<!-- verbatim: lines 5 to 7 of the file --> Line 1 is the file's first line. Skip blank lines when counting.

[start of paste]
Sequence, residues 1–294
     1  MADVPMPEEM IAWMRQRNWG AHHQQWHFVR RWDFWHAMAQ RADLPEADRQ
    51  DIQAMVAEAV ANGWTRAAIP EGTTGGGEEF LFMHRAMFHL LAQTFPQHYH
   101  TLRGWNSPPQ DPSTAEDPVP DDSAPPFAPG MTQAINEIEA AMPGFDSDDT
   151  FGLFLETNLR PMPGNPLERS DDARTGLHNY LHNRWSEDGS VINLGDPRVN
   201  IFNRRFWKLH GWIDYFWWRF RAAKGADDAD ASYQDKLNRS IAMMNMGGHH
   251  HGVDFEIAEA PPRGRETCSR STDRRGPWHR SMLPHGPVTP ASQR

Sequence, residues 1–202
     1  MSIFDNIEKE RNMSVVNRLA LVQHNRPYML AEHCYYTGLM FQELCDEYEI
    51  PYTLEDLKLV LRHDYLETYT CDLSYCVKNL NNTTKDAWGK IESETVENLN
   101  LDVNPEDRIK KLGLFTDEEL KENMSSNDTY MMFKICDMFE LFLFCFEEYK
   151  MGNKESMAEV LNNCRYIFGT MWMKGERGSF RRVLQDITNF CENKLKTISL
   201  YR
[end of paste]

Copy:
   151  FGLFLETNLR PMPGNPLERS DDARTGLHNY LHNRWSEDGS VINLGDPRVN
   201  IFNRRFWKLH GWIDYFWWRF RAAKGADDAD ASYQDKLNRS IAMMNMGGHH
   251  HGVDFEIAEA PPRGRETCSR STDRRGPWHR SMLPHGPVTP ASQR